(Image from Barnes & Noble)
If you had the ability to steal pieces of a person without them knowing it, what would you take? Would you pull out their bad memories, their anxiety, their fears? Would you steal a little of their sobriety, a tiny bit of their fearlessness, a little affection? How would these thefts affect you? How would the victims' losses affect them?
Aspen Quick has never thought much about his ability to snatch people's most intimate possessions. The 17-year-old just uses it to his advantage when he needs a shot of courage, a bit of help with a girl he likes, or a wave of calm to soothe his nerves. He knows his family's unique magic is ancient and important—after all, it's what's always kept Three Peaks, New York, safe from the cliff that looms over the quaint little town. If his family didn't perform their secret rituals to hold back the danger, everyone in the hamlet would be buried under a sea of massive boulders. Surely, that massive effort balances out the small thefts he performs from time to time. It's his special right, isn't it?
When Aspen meets Leah Ramsey-Wolfe, he's intrigued with the bookish loner. He becomes even more fascinated with her when he realizes she's the only person he's ever met who's immune to his reaching. This epiphany leads Aspen to more startling revelations about his family's magic, its true potency, and the disastrous effects of unbridled greed and unlimited power. As Aspen's eyes are opened to the truth, he must ask himself what it really means to be a good person. And if he's brave enough to face answers that will change everything.
I can't remember where I first heard about Rocks Fall Everyone Dies by Lindsay Ribar, but its premise has intrigued me ever since. Its very appealing billing—"Twin Peaks meets Stars Hollow"—drew me in even more. From these clues, I expected to absolutely adore this quirky paranormal adventure. That didn't exactly happen, but I did find Rocks Fall Everyone Dies an intriguing read that asks important questions about how we treat other human beings, how we wield our own unique power, and how far we're willing to go to redeem ourselves. Aspen is a selfish, manipulative character, which makes it somewhat difficult to connect with him. As his eyes are opened, though, he becomes more sympathetic and it's easier to root for his success. The magical world in which he is enveloped is fresh and intriguing, definitely different than the usual YA fare. With plenty of twists, the plot moves along quickly, making the novel a fast, engrossing read. The teenage cast members seemed a little too world-weary for me, as did their very cavalier attitudes about sex, drinking, etc. Maybe those outlooks stem from the fact that they never had any adult supervision whatsoever? The story's abrupt ending also irked me a tad. I don't know if a sequel is in the works or not, but the tale felt unfinished—at least in some ways—to me. Bottom line on this bad boy? I liked Rocks Fall Everyone Dies, just didn't love it like I wanted to.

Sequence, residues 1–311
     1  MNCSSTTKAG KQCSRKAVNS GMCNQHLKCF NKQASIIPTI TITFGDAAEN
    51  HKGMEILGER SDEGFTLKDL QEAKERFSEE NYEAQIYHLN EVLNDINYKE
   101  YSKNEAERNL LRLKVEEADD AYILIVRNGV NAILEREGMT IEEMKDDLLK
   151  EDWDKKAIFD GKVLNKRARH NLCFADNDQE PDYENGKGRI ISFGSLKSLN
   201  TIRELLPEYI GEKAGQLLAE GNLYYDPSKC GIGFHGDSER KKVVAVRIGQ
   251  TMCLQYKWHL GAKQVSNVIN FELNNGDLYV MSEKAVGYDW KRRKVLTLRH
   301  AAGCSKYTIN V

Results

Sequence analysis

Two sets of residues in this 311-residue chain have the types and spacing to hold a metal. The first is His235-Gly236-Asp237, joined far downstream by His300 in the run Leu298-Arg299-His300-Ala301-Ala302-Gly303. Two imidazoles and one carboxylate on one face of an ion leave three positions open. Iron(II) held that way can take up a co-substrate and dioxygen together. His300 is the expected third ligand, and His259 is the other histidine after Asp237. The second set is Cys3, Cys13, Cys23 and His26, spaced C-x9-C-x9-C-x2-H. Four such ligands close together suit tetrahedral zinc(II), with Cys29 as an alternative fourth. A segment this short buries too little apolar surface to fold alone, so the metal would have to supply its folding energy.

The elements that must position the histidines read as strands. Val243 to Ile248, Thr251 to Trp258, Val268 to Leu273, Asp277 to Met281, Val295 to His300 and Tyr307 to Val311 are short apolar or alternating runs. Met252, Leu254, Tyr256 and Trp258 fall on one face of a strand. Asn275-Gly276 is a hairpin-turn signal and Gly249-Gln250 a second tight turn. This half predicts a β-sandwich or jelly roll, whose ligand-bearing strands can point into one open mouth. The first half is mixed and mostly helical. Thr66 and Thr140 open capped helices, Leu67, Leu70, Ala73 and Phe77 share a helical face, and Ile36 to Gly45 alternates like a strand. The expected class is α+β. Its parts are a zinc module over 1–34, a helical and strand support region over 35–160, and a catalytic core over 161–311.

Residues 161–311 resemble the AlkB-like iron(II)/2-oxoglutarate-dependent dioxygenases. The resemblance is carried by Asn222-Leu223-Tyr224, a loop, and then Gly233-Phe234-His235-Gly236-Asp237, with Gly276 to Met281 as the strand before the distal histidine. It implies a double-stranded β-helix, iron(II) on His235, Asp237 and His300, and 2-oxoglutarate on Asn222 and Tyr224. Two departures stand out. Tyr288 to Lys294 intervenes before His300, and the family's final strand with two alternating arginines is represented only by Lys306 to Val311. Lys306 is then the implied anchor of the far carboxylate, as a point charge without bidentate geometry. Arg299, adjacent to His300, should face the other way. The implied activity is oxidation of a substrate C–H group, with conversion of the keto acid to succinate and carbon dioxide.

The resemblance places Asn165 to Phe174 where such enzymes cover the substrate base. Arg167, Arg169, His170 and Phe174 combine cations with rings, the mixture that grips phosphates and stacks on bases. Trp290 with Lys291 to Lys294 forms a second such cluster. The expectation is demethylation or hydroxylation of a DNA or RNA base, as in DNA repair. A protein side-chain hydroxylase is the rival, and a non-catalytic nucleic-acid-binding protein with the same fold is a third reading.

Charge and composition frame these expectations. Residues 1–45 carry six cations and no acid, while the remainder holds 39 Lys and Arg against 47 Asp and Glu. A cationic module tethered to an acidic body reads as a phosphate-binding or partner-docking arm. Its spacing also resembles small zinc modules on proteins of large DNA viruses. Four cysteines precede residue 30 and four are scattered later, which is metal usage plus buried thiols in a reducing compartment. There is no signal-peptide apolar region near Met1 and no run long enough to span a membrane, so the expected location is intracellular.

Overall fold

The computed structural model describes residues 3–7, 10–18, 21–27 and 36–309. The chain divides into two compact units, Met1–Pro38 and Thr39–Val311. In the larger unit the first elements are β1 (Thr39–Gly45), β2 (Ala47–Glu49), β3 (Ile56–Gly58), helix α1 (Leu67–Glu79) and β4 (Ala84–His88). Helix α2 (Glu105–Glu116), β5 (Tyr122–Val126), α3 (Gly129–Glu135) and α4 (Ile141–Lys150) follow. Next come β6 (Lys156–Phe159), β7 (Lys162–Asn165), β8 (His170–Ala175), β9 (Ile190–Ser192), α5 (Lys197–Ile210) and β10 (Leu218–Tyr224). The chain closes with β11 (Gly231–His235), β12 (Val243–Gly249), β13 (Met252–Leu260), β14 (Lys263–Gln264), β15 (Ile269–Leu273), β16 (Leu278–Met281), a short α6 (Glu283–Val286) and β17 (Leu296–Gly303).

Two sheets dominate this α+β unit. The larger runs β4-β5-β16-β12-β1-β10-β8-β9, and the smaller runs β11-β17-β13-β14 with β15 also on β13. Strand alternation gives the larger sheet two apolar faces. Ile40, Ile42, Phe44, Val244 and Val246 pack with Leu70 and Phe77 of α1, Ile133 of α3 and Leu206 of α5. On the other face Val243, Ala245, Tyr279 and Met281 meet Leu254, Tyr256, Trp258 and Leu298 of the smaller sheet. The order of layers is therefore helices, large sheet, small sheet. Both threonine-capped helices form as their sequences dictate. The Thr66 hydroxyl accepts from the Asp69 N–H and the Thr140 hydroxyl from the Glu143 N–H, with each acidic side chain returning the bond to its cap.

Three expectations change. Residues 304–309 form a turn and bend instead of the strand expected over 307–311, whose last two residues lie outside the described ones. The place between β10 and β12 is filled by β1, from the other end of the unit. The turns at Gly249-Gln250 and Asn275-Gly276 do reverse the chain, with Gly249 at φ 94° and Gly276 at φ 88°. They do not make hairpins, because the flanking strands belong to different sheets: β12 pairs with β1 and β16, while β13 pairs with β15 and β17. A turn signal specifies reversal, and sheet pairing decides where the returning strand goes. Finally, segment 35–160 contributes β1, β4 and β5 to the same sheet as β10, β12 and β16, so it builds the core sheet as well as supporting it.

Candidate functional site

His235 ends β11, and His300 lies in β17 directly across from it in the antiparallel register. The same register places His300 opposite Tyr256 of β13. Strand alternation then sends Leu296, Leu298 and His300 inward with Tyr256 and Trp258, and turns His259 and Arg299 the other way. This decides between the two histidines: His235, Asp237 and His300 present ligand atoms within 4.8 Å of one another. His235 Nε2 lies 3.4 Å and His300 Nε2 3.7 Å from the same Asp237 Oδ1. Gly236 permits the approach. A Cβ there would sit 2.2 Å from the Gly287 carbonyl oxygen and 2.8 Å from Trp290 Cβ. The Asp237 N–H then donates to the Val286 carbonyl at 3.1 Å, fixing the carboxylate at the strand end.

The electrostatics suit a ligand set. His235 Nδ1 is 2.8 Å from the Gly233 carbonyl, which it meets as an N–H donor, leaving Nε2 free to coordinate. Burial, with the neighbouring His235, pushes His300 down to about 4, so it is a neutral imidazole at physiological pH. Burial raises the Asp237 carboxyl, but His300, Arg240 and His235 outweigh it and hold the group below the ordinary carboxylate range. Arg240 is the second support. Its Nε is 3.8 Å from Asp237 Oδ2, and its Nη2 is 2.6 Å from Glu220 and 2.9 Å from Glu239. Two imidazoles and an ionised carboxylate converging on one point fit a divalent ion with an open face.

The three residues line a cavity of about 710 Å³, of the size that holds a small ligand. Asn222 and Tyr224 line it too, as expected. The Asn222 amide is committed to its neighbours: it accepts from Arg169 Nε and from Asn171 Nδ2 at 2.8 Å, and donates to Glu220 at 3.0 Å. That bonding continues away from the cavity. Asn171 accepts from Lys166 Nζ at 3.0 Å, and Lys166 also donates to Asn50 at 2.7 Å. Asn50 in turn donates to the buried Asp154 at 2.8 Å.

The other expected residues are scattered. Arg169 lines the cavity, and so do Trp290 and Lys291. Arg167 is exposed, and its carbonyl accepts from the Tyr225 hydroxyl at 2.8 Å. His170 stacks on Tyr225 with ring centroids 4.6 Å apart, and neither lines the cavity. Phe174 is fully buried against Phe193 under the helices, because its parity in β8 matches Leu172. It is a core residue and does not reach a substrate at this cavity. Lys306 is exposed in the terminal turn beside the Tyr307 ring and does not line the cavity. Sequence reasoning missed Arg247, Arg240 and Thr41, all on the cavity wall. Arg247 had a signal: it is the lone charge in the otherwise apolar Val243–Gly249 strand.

(Readalikes: Reminded me of Don't You Forget About Me by Kate Karyus Quinn and a little of Bruiser by Neal Shusterman)
If this were a movie, it would be rated:
for language (no F-bombs), violence, depictions of underage drinking, and mild sexual innuendo/ content